AUGUSTA, Maine (NEWS CENTER) - A study done for the state says thousands of Mainers don't have basic dental care, because they don't have easy access to a dentist.
Maine's Speaker of the House, Rep. Mark Eves (D-Berwick), wants the Legislature to improve that access by allowing dental therapists to practice here. Dental therapists are specially trained dental hygienists who are licensed to do basic dental procedures, including fillings and simple extractions.
A crowd of dentists and others packed a legislative hearing on the Rep. Eves' bill today. Supporters say dental therapists are already practicing in Alaska and Minnesota, and have been allowed for years in many other countries. They say the therapists would get one to two years of extra training after becoming hygienists, along with 500 hours of clinical practice.
He says therapists would be able to bring basic dental care to parts of Maine that don't have it now, and could provide care at lower cost than dentists. But the dentists say therapist training is not equal to theirs, and say allowing them to treat patients would pose a risk. Dr. Mary Willard, the dentist who trains therapists in Alaska says they have been practicing in that state for nine years, and there have been no problems. But Dr. Ann O'Keefe, a dentist in Waterville, said therapists aren't trained to handle complications that can occur from extractions and some other procedures, and she said the "scope of practice" allowed under the proposed Maine law would be muchy broader than what's permitted in Alaska and Minnesota.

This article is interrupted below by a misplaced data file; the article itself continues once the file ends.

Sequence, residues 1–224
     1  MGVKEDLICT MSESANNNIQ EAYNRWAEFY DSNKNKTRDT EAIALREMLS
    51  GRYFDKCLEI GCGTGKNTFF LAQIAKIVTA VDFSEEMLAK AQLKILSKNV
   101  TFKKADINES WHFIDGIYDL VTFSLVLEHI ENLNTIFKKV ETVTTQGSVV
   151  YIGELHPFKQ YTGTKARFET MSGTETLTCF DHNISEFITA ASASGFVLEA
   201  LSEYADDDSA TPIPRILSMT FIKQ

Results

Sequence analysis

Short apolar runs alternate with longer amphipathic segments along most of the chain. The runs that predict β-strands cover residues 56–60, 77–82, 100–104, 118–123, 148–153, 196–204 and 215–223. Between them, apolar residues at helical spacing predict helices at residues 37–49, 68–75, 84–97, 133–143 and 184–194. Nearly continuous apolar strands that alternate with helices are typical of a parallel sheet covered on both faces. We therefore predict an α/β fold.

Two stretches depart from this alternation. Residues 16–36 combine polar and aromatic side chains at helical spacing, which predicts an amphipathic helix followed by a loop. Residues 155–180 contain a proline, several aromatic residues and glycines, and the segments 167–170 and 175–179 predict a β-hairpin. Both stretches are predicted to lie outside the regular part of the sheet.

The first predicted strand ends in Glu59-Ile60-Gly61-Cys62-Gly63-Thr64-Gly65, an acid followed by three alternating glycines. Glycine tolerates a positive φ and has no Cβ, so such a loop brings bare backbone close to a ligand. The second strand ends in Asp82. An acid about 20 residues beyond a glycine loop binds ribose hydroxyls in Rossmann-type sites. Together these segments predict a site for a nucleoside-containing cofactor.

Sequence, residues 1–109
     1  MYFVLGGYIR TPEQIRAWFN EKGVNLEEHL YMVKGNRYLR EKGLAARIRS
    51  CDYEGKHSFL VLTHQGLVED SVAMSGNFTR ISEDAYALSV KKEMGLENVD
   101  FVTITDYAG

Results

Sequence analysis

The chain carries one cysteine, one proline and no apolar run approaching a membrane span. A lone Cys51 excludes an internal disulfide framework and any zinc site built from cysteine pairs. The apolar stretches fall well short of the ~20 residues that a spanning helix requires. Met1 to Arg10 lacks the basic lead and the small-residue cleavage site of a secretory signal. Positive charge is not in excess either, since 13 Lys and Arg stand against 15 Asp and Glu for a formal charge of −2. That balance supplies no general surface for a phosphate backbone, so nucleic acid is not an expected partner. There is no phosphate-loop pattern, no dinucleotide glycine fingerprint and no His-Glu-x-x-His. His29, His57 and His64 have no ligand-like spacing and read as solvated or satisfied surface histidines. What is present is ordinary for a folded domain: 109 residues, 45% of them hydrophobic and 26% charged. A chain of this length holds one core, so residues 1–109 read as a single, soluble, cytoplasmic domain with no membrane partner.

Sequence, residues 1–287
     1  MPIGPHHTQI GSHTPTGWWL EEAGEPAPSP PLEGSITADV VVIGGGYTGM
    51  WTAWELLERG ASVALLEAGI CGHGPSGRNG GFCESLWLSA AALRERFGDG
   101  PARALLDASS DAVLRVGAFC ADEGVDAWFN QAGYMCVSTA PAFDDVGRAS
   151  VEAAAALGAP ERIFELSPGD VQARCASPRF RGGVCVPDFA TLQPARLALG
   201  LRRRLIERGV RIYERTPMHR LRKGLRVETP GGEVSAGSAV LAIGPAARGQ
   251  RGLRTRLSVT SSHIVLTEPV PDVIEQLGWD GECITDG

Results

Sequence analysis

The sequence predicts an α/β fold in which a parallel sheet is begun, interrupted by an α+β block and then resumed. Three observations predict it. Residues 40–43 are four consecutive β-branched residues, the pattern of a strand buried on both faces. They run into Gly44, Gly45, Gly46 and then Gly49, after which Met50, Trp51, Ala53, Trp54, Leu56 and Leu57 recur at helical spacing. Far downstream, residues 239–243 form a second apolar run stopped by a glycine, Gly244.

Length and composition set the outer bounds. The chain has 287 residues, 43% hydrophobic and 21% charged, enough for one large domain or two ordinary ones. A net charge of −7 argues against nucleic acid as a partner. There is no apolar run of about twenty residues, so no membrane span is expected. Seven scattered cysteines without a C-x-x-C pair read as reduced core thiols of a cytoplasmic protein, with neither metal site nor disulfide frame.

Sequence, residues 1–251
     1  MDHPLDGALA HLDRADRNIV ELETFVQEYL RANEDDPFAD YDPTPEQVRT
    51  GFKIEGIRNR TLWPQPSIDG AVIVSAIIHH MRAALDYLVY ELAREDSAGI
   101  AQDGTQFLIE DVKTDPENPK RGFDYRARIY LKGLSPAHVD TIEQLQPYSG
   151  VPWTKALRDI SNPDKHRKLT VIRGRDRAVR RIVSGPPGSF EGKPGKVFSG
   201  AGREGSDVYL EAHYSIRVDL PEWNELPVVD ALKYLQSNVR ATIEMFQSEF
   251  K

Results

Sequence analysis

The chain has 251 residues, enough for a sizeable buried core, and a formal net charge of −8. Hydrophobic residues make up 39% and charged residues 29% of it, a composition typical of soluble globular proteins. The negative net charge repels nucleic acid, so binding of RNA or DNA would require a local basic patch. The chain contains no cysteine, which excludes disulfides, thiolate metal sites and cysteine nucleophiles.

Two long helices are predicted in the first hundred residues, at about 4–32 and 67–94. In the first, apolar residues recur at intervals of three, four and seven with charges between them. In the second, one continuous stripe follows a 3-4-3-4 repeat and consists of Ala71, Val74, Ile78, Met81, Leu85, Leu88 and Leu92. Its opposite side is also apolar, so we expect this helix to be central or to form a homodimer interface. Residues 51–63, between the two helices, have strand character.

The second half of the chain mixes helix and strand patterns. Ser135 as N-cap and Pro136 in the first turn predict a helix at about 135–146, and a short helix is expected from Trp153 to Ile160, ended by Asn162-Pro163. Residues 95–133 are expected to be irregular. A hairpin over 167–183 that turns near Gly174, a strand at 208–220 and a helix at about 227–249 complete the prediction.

Another dentist said the biggest obstacle to dental care for low income Mainers is that Maine Care will only pay for treatment at a hospital emergency room, not at a dentist office. Speaker Eves cited statistics that more than 55 percent of low income children on Maine Care...especially those in rural areas ... aren't seeing a dentist.
He told the committee the therapists could bring care to more of Maine. But a dentist said there's no guarantee that would happen.
The Legislature's Labor, Commerce, Research and Economic Development Committee will debate the bill in the coming weeks.